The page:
AFRICA’S premier international tournament is upon us. Mark O’Haire (@MarkOHaire) previews the Group B encounter on Sunday between Algeria and Zimbabwe.
Algeria v Zimbabwe | Sunday 16:00 | Eurosport
Algeria have claimed a sole success in their last nine (W1-D3-L5) opening matches at African Cup of Nations tournaments but with plenty of pundits queuing up to wax lyrical over the Desert Foxes squad, a routine victory is expected in their Group B curtain-raiser against Zimbabwe in Franceville.
Algeria are without doubt the superior side on paper – ranked fifth in the continent, the pre-match favourites rattled in 25 goals during qualification and arrive armed with a roster packed full of Premier League and elite European experience.
But football has (and never will be) won on paper. I can sit here and peddle the same guff that you’ll see here, there and everyone when Algeria are mentioned in AFCON quarters – great squad, smashed it in qualification – but we try and do things a bit differently here at WLB.
Algeria in mini-crisis
For example, how much has been made about Algeria’s preparation over the past year? Not much. The fact is, the Desert Foxes are in the midst of a mini-crisis.
Having drawn at home to Cameroon and beaten away by Nigeria in 2018 World Cup qualification, Algeria are failing in their race to reach Russia.
Surely those results, credentials and performances – both far more recent than their AFCON qualification adventure – should be taken into account over a 6-0 thrashing of Lesotho and 7-1 demolition of Ethiopia?
Algeria have W2-D1-L6 in their last nine AFCON outings and haven’t claimed the title since 1990. I’ll reiterate – this squad is good enough to go the distance – but we’re again overlooking arguably more disruption and negativity by focussing on the individuals on the field.
A coaching merry-go-round
The Desert Foxes used four different coaches in 2016 with George Leekens the third and final permanent boss to be employed towards the backend of the year and the Belgian certainly isn’t accustomed to playing front-foot attacking football – anything but, in fact.
The 67 year-old wasn’t a popular appointment due to his penchant for playing five at the back. And although a 4-2-3-1 looks most likely here, his pragmatism is enough to put my off delving into any sort of handicap selection.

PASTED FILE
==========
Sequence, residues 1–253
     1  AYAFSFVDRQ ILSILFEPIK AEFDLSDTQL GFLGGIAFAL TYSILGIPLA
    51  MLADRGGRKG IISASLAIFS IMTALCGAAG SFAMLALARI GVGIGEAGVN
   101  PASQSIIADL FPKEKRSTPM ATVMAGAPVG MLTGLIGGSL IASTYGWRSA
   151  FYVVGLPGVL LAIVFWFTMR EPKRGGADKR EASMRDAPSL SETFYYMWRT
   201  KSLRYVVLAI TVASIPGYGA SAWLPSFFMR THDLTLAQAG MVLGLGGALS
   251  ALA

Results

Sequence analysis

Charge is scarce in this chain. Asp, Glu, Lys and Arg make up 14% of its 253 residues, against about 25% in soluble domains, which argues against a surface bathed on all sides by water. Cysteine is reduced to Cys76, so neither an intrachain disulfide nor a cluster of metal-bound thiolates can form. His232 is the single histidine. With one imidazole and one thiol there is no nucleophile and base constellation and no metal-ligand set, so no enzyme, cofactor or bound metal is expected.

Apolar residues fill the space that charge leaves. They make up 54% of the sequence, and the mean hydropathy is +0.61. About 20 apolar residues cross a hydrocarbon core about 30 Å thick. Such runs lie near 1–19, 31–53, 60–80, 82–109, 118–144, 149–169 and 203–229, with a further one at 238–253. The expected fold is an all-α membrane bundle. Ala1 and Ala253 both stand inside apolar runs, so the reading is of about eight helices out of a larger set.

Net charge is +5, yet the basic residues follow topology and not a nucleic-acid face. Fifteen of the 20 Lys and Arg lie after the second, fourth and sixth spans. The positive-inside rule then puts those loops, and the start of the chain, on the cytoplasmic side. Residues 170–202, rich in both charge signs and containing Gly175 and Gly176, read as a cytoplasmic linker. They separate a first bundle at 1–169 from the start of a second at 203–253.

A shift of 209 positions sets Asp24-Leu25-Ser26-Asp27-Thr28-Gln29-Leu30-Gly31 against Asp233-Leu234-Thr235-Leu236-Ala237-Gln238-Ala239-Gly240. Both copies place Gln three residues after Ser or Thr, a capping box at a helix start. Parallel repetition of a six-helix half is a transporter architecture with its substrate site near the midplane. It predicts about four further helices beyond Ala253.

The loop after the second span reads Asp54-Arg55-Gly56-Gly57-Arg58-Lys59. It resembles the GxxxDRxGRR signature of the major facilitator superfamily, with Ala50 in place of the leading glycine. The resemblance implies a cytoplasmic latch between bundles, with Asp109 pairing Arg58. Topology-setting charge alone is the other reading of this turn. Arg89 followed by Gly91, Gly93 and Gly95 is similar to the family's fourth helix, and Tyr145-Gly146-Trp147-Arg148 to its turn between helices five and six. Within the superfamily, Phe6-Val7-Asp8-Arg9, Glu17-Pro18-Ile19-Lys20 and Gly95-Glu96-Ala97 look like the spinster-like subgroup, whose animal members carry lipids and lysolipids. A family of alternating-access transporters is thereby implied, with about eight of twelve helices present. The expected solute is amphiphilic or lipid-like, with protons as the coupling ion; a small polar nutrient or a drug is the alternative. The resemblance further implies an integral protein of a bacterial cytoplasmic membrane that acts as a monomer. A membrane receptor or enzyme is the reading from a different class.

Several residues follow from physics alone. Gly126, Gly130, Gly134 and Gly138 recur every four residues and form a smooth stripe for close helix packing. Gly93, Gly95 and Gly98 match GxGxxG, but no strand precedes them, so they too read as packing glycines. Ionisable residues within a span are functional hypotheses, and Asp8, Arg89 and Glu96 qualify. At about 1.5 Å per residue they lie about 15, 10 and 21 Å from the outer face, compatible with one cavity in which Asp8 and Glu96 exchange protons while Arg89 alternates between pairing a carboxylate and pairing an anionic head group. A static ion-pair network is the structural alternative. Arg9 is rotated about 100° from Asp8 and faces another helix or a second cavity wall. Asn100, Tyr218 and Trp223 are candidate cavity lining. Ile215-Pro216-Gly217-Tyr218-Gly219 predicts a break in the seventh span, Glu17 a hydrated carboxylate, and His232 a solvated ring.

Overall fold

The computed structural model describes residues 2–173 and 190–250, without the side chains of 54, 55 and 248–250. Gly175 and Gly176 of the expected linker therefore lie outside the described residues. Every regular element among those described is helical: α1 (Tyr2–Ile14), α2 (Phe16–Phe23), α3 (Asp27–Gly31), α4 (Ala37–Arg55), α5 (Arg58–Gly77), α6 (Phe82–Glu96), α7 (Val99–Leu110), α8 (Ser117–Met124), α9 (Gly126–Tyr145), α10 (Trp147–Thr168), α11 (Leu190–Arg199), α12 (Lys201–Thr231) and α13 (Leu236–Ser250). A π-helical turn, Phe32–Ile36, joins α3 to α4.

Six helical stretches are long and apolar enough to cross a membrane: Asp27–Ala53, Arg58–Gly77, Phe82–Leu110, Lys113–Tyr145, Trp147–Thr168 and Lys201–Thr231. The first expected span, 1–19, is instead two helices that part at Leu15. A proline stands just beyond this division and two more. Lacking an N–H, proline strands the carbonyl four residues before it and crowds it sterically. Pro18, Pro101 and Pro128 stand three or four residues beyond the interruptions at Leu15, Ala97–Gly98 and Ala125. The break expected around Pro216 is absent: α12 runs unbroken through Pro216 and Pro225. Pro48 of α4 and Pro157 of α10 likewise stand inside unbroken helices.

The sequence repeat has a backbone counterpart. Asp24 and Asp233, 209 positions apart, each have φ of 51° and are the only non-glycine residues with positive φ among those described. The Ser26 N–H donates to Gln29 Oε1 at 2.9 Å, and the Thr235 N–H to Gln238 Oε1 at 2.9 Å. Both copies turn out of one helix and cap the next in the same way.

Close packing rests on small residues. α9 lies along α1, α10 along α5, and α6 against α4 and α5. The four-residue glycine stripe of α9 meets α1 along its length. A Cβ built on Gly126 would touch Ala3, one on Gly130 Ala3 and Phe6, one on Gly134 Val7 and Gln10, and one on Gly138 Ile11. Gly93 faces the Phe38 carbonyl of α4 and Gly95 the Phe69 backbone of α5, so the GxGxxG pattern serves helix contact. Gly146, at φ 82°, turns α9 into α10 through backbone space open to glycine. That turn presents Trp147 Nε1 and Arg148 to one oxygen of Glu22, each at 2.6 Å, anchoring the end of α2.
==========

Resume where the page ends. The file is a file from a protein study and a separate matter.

Algeria’s defence must also be called in front of the jury. The backline has made numerous individual errors over the past 12 months with the Desert Foxes appearing slow and cumbersome at centre-half whilst the full-back positions feature players more at home going forward than with their backs to goal.
Warriors’ off-field distractions
Zimbabwe are ranked 30th on the continent and haven’t been short of their own troubles. The Warriors are making their first AFCON appearance since 2006 and have also been distracted by off-the-field distractions.
Kalisto Pasuwa’s men will be playing their opener in an unbranded kit after their sportswear company failed to deliver it on time. Elsewhere, numerous players refused to attend a farewell gala and many missed scheduled flights to the tournament in a dispute over pay.
The row has since been resolved and the Warriors fired warning shots at their Group B rivals when picking up a 1-1 draw against Cameroon during last week’s friendly match in Yaounde. Dismissed as no-hopers in a group featuring three of the top-five ranked African teams, Zimbabwe shouldn’t be written off.
Don’t write Zimbabwe off
Pasuwa’s seen his side lose just once in 11 competitive encounters and their flexible 4-3-3/4-2-3-1 formation allows his speedy side to play to their strengths – there’s a real directness to their play, especially down the flanks and a team that’s packed with dynamism, pace and power.
Zimbabwe aren’t expected to make any changes to his preferred starting XI from qualification but he will be without suspended Netherlands-based midfielder Marvellous Nakamba, paving the way for the inclusion of Danny Phiri.
Nevertheless, the quality going forward in Knowledge Musona and 2016 CAF Champions League star Khama Billia should cause their highly-rated opposition problems and I certainly wouldn’t rule out the Warriors getting on the scoresheet.
Having built them up, it’s hard to ignore the 19/20 offering from Coral on Over 0.5 Zimbabwe goals. Algeria’s have failed to record clean sheets in competitive clashes with Ethiopia, Tanzania and Lesotho in the past 18 months and their less than steady defence could again come a cropper here.
Algeria v Zimbabwe – Zimbabwe to score Over 0.5 Goals (19/20 Coral)